Food packaging to use recycled water bottles

By George Reynolds

- Last updated on GMT

Related tags: Recycling

Water bottles will be turned into packaging for food at a proposed
€17.6m recycling plant in the UK.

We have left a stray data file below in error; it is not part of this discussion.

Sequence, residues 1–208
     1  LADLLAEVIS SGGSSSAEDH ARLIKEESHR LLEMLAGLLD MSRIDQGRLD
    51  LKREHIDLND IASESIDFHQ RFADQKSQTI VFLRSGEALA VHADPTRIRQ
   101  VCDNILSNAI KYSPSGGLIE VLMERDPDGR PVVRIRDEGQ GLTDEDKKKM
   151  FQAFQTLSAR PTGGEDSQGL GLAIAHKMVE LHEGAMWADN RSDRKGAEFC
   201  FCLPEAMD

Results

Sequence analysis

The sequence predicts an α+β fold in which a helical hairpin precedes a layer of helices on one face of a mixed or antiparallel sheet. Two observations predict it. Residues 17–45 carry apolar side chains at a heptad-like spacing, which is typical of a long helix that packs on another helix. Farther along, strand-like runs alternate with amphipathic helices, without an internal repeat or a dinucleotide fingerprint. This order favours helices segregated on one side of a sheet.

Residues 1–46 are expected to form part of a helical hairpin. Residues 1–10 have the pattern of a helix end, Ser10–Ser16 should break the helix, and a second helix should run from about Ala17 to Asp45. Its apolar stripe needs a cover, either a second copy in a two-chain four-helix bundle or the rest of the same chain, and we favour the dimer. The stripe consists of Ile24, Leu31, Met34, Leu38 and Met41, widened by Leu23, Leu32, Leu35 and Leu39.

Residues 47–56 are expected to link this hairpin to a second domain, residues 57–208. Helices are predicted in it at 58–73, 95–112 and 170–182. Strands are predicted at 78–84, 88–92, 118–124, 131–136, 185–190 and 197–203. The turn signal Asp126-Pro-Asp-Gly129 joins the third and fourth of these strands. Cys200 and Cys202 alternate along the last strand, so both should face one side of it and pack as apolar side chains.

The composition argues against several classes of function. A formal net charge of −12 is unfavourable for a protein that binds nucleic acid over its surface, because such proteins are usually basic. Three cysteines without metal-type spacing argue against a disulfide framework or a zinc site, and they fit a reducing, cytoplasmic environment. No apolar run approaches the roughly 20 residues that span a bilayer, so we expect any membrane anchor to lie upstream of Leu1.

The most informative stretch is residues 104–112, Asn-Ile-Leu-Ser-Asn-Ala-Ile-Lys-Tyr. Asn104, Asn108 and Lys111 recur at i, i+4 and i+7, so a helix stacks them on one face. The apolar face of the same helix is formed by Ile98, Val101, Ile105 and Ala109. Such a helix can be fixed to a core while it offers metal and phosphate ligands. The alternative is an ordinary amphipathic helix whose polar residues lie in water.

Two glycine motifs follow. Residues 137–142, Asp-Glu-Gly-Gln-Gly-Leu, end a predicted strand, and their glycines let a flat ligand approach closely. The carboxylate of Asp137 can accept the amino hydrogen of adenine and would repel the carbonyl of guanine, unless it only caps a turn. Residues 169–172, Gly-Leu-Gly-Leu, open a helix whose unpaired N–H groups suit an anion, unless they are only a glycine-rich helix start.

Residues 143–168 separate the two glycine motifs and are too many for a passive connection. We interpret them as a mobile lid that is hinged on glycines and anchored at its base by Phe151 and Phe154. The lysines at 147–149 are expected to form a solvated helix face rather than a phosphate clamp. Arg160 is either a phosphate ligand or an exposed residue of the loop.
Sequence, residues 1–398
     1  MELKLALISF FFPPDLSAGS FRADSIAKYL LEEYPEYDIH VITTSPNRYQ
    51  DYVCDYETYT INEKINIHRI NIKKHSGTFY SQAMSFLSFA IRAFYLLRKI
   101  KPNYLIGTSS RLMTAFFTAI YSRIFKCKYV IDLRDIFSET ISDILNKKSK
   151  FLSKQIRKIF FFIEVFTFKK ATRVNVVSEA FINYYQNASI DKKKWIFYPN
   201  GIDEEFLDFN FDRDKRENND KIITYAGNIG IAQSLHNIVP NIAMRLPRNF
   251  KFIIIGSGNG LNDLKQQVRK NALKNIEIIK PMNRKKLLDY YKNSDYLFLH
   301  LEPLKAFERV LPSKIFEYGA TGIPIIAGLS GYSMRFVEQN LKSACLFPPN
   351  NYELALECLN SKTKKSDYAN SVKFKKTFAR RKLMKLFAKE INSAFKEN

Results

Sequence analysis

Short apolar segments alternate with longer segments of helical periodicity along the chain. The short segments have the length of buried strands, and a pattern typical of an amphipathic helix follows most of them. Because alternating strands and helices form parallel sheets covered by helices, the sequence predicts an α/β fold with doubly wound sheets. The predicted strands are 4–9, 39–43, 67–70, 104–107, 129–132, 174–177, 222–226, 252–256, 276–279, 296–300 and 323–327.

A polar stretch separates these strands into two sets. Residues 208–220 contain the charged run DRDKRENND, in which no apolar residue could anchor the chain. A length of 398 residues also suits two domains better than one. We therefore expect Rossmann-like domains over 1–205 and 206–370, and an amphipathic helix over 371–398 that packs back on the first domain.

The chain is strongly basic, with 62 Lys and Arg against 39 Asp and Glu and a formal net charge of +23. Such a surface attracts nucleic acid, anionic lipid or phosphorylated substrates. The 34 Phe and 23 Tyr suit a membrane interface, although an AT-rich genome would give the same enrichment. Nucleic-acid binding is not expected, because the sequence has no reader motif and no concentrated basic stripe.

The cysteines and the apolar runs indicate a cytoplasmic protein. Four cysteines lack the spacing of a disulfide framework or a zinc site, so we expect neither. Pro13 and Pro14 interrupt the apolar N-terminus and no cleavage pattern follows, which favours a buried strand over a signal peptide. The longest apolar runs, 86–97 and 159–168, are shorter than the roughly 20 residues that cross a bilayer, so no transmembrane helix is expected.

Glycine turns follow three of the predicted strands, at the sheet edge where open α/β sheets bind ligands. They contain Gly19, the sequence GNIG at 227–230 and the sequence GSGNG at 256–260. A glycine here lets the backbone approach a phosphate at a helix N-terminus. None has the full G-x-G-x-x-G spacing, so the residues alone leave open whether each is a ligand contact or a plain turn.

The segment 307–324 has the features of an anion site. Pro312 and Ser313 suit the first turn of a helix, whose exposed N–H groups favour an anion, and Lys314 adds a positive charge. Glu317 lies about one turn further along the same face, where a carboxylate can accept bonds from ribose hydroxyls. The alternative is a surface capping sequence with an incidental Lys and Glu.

The investment should ease the pressure packagers are facing to reduce the waste that is sent to landfill sites and abroad for recycling. The plant will be built using £12m (€17.6m) in funding through a joint private and public sector funding agreement. The plant, run by Closed Loop London (CLL), will transform the recycling of polyethylene terephthalate (PET) in the UK, turning millions of water, soft drinks and cosmetics bottles back into new food packaging each year. Chris Dow, CLL's managing director in London, said the development of the plant was the realisation of a three year vision to close the loop on plastics recycling in the UK. "We are delighted to be able to bring to the food packaging manufacturers a commercially viable and environmentally responsible option when specifying packaging," he said. "The UK will have a world class facility for processing its plastic waste and need not export this material for reprocessing into low grade applications." The company expects about 35,000 tonnes of packaging will be recycled each year when the plant opens in December in 2007. The plant will use technology developed by South Carolina-based United Resource Recovery Corporation to sort, granulate and super clean the recycled plastic bottles to produce a packaging approved for food contact in the US and Europe. CLL announced that Marks & Spencer is the first major retailer to commit to sending plastic waste from its London stores to the Closed Loop London plant for recycling. It said that M&S will also encourage its suppliers to source recycled PET from the plant to make M&S packaging. The project has received funding from Foresight Venture Partners and a banking facility from Allied Irish Bank (GB), and is also supported by public sector funding from the London Development Agency (LDA) and the Waste & Resources Acton Programme (WRAP). London's mayor, Ken Livingstone, said the announcement was a big leap forward for recycling and boosted the fight against climate change. "We need real investment in recycling facilities rather than dumping our rubbish in landfill sites or sending it to incinerators to be burnt," he said. Jennie Price, WRAP's chief executive, said the project met the duel aims of reduce waste and meet increasing demand for recycled PET by UK businesses. Visy Closed Loop manufactures environmental packaging and recycling solutions. It has offices in Australia and the UK.

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